Before it was renamed by European settlers, the land mass we know as North America was inhabited by a diverse group of Native cultures that developed and diversified over a span of 12,000 years. Although they belonged to different tribes, they often functioned as one, borrowing from each other to create technologies for farming, fishing, hunting, pottery making and long-distance travel.
Across the nation, they were once called Lenni Lenape, Iroquois, Sasquesahanough, Hopi, Attaock, Tesinigh, Utchowig, Cheyenne and Cepowig, among others.
Now, although the names remain, Native American culture as we know it today is just a shell of what it once was. Inspired to preserve and help redevelop the culture of their ancestors, a series of contemporary voices are working together to change perceptions of what it means to Native American.
Native American Voices: The People—Here and Now, which opened Saturday at the Penn Museum, is one step in working to mend the cultural and spiritual ties of Native Americans in the states. Years in the making, this multi-media exhibit challenges visitors to leave preconceptions about Native Americans behind and discover a living tapestry of nations with distinct stories, identities and contemporary leaders.
The richly interactive exhibition features a wide range of contemporary Native American people—including artists, activists, journalists, scholars, and community leaders—from around the continent. They speak out in video and in audio, sharing stories, poetry and short essays on issues that matter to them today: identity, political sovereignty, religious freedom and sacred places, language, celebrations, art and cultural continuity.
Patty Talahongva, a Hopi from Sichomovi village located on First Mesa in northeastern Arizona, knows firsthand how others mistakenly perceive her culture. As a journalist and educator, she’s routinely asked a similar question by curious schoolchildren and misinformed adults. “Students always ask me, ‘Do you speak Indian?’” says Talahongva. “When I say, ‘I speak Hopi,’ I am often met with confused glares.”
Talahongva directed and produced the video-documentary aspect of Native American Voices, which runs on a ceiling-to-floor, touchscreen monitor. Over the course of three years, Talahovgva and exhibit curator Dr. Lucy Fowler-Williams traveled to Arizona, New Mexico, Alaska, New Jersey and Washington D.C. to collect first-person accounts of what it means to be an indigenous person living in modern America. The stories they collected display the vast difference in thoughts and ideas pertaining to issues of identity, art and culture.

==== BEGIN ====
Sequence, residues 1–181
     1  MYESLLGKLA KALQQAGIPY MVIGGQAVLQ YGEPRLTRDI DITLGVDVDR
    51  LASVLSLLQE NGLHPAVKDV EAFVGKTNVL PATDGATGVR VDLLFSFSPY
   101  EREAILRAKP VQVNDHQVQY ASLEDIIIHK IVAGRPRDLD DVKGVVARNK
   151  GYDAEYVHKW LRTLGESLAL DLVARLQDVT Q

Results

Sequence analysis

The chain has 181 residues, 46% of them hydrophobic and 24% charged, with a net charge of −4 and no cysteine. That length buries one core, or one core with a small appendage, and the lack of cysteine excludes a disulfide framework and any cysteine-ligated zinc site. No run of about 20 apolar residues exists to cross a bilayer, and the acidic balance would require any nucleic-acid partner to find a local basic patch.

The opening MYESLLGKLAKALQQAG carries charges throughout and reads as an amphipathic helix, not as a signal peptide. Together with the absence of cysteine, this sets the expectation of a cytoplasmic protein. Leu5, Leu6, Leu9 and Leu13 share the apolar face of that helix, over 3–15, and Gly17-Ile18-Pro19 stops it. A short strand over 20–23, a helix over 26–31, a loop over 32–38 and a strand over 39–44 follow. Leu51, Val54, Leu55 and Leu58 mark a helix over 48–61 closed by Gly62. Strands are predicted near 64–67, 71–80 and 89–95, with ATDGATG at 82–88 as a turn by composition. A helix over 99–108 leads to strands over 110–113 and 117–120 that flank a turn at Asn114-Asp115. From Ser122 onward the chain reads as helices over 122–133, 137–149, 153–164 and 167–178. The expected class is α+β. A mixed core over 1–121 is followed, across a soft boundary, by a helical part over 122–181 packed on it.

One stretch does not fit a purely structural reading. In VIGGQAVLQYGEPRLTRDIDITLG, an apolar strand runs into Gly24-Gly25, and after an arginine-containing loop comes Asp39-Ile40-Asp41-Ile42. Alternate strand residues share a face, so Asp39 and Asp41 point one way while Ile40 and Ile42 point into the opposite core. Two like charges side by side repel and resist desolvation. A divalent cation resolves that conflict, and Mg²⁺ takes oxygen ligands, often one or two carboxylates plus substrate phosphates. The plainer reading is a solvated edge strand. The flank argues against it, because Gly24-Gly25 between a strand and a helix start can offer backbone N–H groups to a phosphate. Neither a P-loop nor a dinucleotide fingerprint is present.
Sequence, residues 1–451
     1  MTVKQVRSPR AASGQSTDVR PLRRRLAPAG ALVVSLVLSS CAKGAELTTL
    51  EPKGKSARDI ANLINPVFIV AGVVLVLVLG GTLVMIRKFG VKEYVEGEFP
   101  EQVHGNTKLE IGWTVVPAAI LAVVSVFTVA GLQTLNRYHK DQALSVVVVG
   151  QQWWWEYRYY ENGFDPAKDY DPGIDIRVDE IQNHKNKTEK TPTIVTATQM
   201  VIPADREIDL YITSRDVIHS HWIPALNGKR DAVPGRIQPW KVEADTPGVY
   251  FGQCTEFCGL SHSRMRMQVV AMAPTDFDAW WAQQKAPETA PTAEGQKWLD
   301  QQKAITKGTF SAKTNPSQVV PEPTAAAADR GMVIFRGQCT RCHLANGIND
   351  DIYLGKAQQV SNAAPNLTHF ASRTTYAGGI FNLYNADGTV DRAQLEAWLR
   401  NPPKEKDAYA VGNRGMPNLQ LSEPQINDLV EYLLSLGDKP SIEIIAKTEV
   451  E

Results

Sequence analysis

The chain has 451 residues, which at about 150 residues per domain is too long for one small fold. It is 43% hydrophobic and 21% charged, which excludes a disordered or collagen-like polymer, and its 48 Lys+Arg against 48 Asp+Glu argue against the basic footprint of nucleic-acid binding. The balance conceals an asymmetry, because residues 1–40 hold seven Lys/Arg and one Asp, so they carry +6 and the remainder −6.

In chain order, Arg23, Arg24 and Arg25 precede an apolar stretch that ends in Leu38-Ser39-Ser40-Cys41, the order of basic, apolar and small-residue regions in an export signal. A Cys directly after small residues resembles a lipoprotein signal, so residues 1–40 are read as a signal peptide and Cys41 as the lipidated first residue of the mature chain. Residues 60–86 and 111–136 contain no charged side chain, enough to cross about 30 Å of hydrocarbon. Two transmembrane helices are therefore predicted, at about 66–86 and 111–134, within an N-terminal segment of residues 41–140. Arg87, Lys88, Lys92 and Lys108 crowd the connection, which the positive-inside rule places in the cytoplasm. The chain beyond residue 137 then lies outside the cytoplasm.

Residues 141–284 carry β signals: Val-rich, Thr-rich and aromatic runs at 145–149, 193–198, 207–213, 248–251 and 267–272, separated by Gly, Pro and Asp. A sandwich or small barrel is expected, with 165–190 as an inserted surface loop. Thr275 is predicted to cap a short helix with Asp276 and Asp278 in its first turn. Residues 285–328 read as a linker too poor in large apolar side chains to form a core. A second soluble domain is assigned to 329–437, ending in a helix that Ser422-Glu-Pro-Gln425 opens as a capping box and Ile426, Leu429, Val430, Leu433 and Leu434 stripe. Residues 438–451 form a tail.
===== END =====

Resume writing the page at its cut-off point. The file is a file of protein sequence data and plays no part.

Far from having disappeared into the American “melting pot,” today’s Native Americans are culturally distinct and diverse. Today, there are more than 565 federally recognized tribal entities in the United States alone—far more if one counts U.S. tribes that are not federally recognized and Canadian First Nations.
Exhibit contributor Namorah Gayle Byrd, a Gloucester County College associate professor of composition and literature, is a descendent of southern Native American traditions of Louisiana and West Virginia. She looks like she came from another time: With two long braids falling down to her shoulders, adorned in a blue and white ruffled halter top, she is a walking piece of history, a living testament to the past. Her eyeglasses are the only indication of her modern ties.
In a tradition that interweaves art and life, oral tradition is paramount. Cave markings recorded events, the Tlingit tribes wove their stories into their blankets, and the use of song was used to convey emotion and mark special occasions. “I learned these songs, stories and traditions from a community of women,” Byrd says. “We cooked together, raised our children together and learned these songs together, singing them over and over again until they rested in our hearts.”
Artifacts for viewing in Native American Voices include Lenape objects from the Delaware Valley region, war bonnets and regalia from the plains and prairie, intricately woven baskets from Maine and California, robes and regalia, moccasins, jewelry, children’s toys and clothing, and world-renowned stone tools from Clovis, New Mexico that are among the oldest objects in the museum’s collection. Over the course of five years, nearly 300 objects representing more than 100 tribes will be rotated on display. At interactive digital stations, visitors may investigate and sort these objects according to personal interests, fashioning their own unique experiences while gaining insight into the materials.
Talahongva finds that people are surprised when they realize that Native American culture still exists in any form. “There are so few of us, but despite all the persecution, we still have our identity,” she says. “Many of us still have our own language, culture and religion and remain our own people despite everything. That speaks to the ability of Native Americans to survive. And that’s what this exhibit is about. We didn’t all die, we didn’t all assimilate, we didn’t all disappear. I like to joke that I am a Native American in a museum exhibit—and I’m not dead.”
Free to $15. Penn Museum, 3260 South St. 215.898.4000. penn.museum
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